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by: ©2007 AARON FARRINGTON, The fellas in Yonder String Mountain Band keep the bluegrass coming with a performance Sunday night at the Crystal Ballroom.

ROCK

The Head Cat

'Featuring Lemmy from Motörhead' might be the only recommendation you need - although the Head Cat's gravelly, gutsy version of rockabilly (which also features the Stray Cats' Slim Jim Phantom and Danny B. Harvey from the Rockats) more than stands on its own merits.

Still, standing in the presence of a living, breathing, rocking legend like Lemmy is something you don't get to experience every day.

If you miss the show, you can always pick up the album 'Fool's Paradise,' which came out last year - but you really should see the band live.

9 p.m. FRIDAY, April 13, Dante's, 1 S.W. Third Ave., 503-226-6630, $25

BLUEGRASS

Railroad Earth

There's been a huge resurgence in the popularity of bluegrass music, particularly in this neck of the woods. Railroad Earth is one of the few bands to take one of America's oldest traditional musical forms and make it sound utterly fresh, using the art form more as a base than a pattern.

With six outstanding musicians in the ranks, there's plenty of interplay and interesting ideas. In a genre where conformity is the norm, it's downright refreshing to hear a truly unique blend of folk, Celtic and rock influences thrown into the mix.

It's no wonder the band has been invited to perform at this summer's Bonnaroo Music Festival - and it will be no surprise when they emerge as one of the highlights.

9 p.m. FRIDAY, April 13, Crystal Ballroom, 1332 W. Burnside St., 503-225-0047, $18, all ages

INDIE ROCK

Silversun Pickups

If your alt-rock tastes run to the Smashing Pumpkins circa '91, you should most definitely check out the Silversun Pickups.

While the Pumpkins exhibited a little more bombast, both bands share a hazy, dynamic sensibility that marries arching arena rock with a beautifully lo-fi, indie approach.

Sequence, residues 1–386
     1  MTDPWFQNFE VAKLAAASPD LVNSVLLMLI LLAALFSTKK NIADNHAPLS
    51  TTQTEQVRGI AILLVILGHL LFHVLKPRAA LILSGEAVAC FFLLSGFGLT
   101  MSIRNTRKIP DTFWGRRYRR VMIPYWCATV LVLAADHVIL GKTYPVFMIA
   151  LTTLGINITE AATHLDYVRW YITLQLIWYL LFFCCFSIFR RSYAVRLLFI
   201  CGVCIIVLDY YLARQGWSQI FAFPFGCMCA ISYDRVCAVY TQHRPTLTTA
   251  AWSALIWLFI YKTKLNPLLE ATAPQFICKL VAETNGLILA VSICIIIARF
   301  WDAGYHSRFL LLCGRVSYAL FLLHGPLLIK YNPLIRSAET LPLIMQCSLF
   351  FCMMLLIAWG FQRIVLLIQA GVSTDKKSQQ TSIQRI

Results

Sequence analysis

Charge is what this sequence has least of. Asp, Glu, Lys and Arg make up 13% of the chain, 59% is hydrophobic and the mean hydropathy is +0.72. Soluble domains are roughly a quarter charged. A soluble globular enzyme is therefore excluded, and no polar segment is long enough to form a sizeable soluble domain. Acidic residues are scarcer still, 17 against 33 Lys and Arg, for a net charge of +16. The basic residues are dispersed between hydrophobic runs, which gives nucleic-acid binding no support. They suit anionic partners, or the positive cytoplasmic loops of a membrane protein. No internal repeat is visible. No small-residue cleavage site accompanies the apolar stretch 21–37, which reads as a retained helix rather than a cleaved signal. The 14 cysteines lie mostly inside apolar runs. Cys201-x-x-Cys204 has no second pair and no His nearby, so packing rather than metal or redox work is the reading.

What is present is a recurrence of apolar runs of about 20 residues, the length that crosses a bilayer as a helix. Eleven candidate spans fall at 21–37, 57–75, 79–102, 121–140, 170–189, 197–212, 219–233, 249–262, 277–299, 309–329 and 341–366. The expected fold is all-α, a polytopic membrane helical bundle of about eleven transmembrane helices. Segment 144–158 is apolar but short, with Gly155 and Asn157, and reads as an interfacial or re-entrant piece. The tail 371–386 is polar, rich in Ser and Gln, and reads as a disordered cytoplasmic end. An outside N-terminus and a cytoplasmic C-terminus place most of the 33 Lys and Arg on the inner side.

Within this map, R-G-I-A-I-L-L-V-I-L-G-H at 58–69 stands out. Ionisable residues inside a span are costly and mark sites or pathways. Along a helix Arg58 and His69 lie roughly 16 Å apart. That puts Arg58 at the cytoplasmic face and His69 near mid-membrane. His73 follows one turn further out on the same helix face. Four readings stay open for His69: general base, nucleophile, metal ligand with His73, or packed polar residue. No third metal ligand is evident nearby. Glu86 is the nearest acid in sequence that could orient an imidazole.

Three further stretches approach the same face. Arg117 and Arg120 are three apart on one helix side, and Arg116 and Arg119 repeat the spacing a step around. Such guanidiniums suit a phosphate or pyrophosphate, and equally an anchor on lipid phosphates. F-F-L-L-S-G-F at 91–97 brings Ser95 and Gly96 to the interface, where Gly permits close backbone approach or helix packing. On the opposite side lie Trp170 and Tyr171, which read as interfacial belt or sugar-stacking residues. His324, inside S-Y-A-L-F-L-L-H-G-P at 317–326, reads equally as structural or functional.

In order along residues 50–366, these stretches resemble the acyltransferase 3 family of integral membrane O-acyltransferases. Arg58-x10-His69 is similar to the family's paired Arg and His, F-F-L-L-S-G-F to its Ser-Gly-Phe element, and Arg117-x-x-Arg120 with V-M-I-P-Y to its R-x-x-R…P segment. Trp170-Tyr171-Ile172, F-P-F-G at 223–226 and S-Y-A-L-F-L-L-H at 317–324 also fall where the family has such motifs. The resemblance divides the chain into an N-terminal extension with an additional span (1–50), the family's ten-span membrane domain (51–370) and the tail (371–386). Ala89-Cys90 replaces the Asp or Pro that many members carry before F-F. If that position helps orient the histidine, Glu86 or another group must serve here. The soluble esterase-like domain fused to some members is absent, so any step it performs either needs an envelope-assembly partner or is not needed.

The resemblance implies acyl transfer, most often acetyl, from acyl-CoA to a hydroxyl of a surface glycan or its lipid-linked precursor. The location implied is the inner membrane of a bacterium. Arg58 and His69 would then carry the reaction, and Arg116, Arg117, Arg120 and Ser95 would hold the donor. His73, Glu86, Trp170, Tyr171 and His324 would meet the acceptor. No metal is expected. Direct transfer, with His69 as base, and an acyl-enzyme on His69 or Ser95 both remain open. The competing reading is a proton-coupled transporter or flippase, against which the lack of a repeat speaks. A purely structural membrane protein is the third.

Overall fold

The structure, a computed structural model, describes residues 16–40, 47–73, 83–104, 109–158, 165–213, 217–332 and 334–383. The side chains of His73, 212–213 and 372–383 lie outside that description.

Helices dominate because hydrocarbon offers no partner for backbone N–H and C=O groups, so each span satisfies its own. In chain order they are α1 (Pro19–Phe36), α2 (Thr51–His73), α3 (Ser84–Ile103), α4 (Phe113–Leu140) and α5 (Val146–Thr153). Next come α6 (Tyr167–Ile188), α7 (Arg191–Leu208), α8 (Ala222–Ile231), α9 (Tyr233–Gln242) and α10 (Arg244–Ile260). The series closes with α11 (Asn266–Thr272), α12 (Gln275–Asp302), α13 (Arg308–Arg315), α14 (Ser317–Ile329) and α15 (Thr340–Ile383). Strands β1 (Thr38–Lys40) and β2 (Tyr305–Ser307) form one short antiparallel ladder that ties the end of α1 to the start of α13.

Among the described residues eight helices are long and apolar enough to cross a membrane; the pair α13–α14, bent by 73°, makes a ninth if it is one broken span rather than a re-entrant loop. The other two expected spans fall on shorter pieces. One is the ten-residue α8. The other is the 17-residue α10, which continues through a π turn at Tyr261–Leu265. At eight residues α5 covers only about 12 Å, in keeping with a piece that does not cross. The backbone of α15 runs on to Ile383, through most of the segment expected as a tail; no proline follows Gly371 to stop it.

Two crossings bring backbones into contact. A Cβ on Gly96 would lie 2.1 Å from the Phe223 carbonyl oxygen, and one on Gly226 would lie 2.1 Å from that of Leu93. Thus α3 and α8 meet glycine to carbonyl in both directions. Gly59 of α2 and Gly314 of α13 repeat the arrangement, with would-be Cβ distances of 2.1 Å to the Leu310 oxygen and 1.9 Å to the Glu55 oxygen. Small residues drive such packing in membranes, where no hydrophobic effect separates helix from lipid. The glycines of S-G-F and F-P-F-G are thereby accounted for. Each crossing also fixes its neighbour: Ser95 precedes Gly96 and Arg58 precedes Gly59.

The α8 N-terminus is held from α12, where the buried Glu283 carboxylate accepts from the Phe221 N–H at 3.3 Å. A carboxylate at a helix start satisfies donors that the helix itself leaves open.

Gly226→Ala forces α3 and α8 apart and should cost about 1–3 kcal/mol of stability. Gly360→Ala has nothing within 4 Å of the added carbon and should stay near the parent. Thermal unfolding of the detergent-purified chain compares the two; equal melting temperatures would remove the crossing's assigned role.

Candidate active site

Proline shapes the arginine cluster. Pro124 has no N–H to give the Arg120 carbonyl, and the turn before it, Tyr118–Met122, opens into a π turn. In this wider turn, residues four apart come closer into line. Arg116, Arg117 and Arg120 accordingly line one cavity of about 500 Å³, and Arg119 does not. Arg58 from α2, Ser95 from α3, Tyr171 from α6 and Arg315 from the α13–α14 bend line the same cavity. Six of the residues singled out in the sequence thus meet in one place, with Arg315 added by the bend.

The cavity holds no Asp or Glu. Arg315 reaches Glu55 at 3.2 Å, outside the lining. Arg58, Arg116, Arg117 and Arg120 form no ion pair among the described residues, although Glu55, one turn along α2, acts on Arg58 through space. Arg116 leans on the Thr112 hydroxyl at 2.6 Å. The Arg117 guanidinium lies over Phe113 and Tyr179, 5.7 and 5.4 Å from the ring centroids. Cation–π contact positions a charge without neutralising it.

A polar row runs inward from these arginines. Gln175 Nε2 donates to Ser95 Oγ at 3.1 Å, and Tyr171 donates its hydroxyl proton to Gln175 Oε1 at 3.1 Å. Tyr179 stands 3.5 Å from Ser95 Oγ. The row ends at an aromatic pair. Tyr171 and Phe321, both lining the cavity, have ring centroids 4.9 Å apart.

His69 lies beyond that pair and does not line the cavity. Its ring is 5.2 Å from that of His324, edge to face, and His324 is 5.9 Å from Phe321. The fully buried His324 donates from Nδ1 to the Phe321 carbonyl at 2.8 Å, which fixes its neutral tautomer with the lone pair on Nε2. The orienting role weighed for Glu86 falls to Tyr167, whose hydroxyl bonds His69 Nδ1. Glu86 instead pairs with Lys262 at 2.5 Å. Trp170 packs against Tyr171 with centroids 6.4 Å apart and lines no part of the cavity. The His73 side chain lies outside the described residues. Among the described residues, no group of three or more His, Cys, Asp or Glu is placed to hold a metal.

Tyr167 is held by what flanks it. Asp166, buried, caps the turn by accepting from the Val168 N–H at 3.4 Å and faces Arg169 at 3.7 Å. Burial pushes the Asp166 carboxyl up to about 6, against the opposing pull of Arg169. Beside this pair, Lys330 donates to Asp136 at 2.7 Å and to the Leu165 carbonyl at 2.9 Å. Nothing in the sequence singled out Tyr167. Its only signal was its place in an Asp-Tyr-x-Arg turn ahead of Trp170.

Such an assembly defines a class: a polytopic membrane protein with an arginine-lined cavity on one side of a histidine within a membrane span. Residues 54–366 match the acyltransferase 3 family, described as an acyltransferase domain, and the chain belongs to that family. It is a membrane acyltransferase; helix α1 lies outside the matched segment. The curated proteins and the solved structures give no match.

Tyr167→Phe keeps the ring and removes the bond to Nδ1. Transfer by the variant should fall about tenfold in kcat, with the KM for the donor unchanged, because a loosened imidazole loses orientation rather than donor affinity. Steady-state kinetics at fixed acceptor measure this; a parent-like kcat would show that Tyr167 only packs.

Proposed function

Plus, you can't fault the Silversun Pickups' work ethic. This is a band that is seemingly always on tour, last appearing in Portland supporting Snow Patrol. It definitely is a band to keep your eyes (and ears) on.

9 p.m. SATURDAY, April 14, Crystal Ballroom, 1332 W. Burnside St., 503-225-0047, $9.47 (sold out), all ages

Ted Leo and the Pharmacists

'Pop music' means different things to different people.

If you like your pop smart and urgent, with elements of Elvis Costello and Ben Folds featuring prominently in the mix, then you should check out Ted Leo and the Pharmacists - if you don't know them already.

It's the rare artist who can balance heady melodies and lyrics with a genuinely affecting emotional pull. This is one of them.

If you can't make the show, make sure you pick up their excellent new album, 'Living With the Living.'

9 p.m. MONDAY, April 16, Hawthorne Theatre, 1507 S.E. 39th Ave., 503-233-7100, $14, all ages

BLUEGRASS

Yonder Mountain String Band

In less than a decade, the Yonder Mountain String Band has become one of the biggest names in the bluegrass resurgence.

Their groovy and slightly ramshackle take on the genre has made them a hit with the jam crowd as well as traditionalists; in fact, they've played the Telluride Bluegrass Festival, and their broad appeal also has landed them two Bonnaroo Festival appearances as well as a spot on the Austin City Limits Festival.

The band will be headlining the world-famous Red Rocks Amphitheater over Labor Day weekend, so the Crystal Ballroom is a cozy venue by comparison.

8:30 p.m. SUNDAY, April 15, Crystal Ballroom, 1332 W. Burnside St., 503-225-0047, $25, all ages

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